A paradoxical housing market has emerged recently in Canada. On the one hand are the falling housing prices and sales; on the other are rapidly escalating rents that have increased pressure on renter households.
Recently released data by the Toronto Regional Real Estate Board (TRREB) has revealed that the average rent for a one-bedroom apartment, the most common type of rental abode, increased by 20 per cent year-over-year in the second quarter of 2022. The rents for two- and three-bedroom apartments increased by 15.3 and 12.8 per cent, respectively.
At the same time, supply is tightening. Rental apartments listed on the TRREB platform declined by 30 per cent in the second quarter compared to the past year. The number of leased one-bedroom apartments also declined, by 16 per cent annually.
Townhouses constitute the other type of housing that is popular among renters. The increase in townhouse rents was relatively lower, with two-bedroom townhouses increasing by 11 per cent over the past year. However, trends in there were not uniform, with the number of leased three-bedroom townhouses increasing by 25 per cent in the second quarter compared to a slight decline in two-bedroom rental townhouses.
The increase in rental demand is partially tied to the resumption of economic activities constrained earlier because of COVID-19. For example, college and university students, who had primarily retreated to parents’ homes during the pandemic, will be back on campus in September. They have been actively leasing residences near university campuses since May.
Another contributing factor is teleworking, which allowed many to work remotely from home during the pandemic. As a result, some workers gave up relatively smaller yet expensive leases near central employment hubs for cheaper and larger dwellings in smaller towns. With employers calling their workers back to offices, the demand for rental properties near employment hubs has been increasing, putting pressure on rents.
But rents have risen across the region, not just in centrally located neighbourhoods, thanks to tight market conditions. For example, TRREB data revealed that 76 per cent of the apartments listed in the City of Toronto were leased in the second quarter. However, 81 per cent of the listed apartments in the suburban York Region were leased, suggesting that the demand for rental space has been high in the suburbs as well.
A similar picture has emerged across Canada. The Canada Mortgage and Housing Corporation (CMHC) reported a tighter rental market in Halifax, where the vacancy rate fell below one per cent. Even in less populated markets, such as London, Ont., asking rents in June increased by 28.5 per cent over the past year, according to data compiled by Rentals.ca and Bullpen Research and Consulting.
Market conditions at times defy what is generally accepted in theory. For instance, urban economic theory suggests that housing prices and rents are intrinsically linked. This is because the value of a dwelling is assumed to be the present value of the future cash flows (rents) generated by a dwelling in perpetuity. Hence, when rents rise, so should prices. Yet, the declining housing values and rising rents suggest that theoretical models may not fully account for short-term dynamics.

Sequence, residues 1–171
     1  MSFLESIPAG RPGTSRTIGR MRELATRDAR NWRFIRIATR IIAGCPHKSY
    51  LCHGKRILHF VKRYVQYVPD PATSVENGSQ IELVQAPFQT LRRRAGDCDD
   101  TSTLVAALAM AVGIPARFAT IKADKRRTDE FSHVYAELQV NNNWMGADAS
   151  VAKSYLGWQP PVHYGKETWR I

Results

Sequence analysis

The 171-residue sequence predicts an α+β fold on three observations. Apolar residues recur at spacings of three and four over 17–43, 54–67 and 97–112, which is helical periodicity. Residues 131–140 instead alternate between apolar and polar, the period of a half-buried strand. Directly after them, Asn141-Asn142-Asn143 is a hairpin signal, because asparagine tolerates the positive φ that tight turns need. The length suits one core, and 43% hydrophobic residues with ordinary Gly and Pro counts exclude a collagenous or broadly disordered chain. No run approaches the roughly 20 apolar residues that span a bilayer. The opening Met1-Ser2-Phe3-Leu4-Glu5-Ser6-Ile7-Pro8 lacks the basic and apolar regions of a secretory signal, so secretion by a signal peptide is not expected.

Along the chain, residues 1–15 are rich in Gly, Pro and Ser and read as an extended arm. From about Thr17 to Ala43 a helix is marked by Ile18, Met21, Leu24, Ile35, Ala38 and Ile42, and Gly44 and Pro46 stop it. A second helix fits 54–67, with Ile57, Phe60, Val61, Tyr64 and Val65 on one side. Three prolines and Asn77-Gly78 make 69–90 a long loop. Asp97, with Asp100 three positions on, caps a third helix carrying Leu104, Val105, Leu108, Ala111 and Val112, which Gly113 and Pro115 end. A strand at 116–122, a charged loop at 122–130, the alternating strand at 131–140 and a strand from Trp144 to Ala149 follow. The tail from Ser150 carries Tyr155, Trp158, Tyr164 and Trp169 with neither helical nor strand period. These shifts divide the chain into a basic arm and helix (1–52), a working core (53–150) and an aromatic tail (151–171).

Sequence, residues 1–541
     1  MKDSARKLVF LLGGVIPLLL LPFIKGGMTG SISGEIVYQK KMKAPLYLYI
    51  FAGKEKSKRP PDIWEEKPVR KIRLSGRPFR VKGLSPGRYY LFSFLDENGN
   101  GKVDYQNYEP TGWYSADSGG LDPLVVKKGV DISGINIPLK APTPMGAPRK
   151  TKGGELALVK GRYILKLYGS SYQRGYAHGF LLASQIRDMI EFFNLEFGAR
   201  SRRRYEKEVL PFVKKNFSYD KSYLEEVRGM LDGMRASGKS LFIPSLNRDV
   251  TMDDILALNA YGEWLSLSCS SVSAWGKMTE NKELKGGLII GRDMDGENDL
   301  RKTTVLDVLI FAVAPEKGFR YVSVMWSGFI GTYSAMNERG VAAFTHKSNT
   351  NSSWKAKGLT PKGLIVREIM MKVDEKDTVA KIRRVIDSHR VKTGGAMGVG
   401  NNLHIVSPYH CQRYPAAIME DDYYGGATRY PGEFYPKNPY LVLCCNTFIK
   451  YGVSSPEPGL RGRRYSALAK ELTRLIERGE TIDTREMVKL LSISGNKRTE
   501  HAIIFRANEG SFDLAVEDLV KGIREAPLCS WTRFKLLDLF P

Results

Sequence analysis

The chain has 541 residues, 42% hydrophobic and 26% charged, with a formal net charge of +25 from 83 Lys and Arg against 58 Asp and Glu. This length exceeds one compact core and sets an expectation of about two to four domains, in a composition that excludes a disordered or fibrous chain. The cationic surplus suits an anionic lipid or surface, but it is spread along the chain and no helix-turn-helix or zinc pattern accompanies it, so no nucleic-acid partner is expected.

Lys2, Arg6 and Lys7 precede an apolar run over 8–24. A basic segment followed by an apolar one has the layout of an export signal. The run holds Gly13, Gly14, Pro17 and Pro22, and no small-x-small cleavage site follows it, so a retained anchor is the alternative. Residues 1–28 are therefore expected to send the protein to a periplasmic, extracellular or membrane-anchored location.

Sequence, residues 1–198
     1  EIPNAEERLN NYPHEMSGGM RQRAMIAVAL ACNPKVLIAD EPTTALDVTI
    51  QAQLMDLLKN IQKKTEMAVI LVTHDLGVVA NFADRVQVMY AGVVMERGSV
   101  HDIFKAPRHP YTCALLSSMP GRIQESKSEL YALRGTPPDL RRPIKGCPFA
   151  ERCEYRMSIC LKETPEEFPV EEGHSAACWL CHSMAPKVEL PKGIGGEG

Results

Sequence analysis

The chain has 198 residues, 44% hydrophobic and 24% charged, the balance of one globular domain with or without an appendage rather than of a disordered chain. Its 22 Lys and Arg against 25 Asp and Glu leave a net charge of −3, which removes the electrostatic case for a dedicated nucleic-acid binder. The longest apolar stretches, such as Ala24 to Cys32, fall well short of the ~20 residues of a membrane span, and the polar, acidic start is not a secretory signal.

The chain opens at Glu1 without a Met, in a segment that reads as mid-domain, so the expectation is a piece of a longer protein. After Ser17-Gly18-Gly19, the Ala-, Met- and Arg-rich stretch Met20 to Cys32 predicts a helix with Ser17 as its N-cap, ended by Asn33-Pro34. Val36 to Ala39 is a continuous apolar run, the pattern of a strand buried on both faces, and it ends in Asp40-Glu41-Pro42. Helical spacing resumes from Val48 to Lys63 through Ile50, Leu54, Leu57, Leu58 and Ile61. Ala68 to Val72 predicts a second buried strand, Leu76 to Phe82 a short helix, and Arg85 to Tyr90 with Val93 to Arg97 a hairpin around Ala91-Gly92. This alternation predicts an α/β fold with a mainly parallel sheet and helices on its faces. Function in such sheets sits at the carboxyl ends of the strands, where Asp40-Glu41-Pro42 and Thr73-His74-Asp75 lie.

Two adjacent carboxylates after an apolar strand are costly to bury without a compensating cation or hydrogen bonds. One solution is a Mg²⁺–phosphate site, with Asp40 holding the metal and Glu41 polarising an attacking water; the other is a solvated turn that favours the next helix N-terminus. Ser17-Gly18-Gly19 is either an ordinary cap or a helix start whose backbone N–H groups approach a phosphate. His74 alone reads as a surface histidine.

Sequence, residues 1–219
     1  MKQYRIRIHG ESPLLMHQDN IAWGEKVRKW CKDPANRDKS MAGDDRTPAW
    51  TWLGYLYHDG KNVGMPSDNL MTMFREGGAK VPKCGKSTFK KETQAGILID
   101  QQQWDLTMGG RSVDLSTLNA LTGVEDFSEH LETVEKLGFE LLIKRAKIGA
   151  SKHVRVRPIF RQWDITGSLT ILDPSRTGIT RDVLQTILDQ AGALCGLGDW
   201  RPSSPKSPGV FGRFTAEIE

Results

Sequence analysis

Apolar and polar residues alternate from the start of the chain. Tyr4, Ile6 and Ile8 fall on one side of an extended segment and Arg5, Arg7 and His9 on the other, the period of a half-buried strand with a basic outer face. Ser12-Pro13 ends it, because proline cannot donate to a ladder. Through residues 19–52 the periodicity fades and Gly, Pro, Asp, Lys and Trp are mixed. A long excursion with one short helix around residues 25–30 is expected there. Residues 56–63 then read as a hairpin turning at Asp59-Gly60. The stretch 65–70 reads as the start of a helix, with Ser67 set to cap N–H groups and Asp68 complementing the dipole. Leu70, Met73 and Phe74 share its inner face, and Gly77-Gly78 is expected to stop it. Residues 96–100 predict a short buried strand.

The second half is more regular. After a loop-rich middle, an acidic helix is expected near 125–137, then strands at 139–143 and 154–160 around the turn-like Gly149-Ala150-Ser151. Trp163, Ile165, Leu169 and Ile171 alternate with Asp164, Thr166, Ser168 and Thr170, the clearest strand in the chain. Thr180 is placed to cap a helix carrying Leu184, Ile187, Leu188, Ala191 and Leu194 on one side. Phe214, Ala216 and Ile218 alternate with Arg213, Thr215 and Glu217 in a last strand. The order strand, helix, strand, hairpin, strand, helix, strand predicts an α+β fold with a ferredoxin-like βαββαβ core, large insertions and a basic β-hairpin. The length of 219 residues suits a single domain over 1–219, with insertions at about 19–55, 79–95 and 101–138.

At the same time, some widely held beliefs are not borne by statistical evidence. For instance, frustrated would-be buyers want housing prices to stop escalating rapidly or decline as a precondition for them to become active. Yet when housing prices fall, the would-be buyers leave the market in a hurry because acquiring an asset that is losing value makes little sense. Hence, home buyers are often more active when prices are rising.
An unintended consequence of falling prices is the increased pressure on rental housing. A decline in housing prices is often accompanied by a more pronounced drop in housing sales. This is because households who would have transitioned from rental to owned housing postpone the decision temporarily, resulting in their longer than expected stay as renters. Thus, the pressure on rental markets increases because new renters must compete for the limited number of available rental units.
Rental markets are expected to come under increasing pressure because of the expected increase in demand for rental dwellings. In addition, the anticipated arrival of thousands of new immigrants, who often start their housing careers in rental markets, the increase in rental demand near office hubs and downtowns as workers are being recalled to offices, and a decline in rental supply are some of the contributing factors to worsening of rental affordability.
A long-lasting fix to Canada’s rental woes lies in a significant increase in the construction of new purpose-built rental (PBR) dwellings. The federal and provincial governments have launched numerous programs to encourage new PBR construction. However, much more is needed in government intervention to lure builders and developers into building rental housing.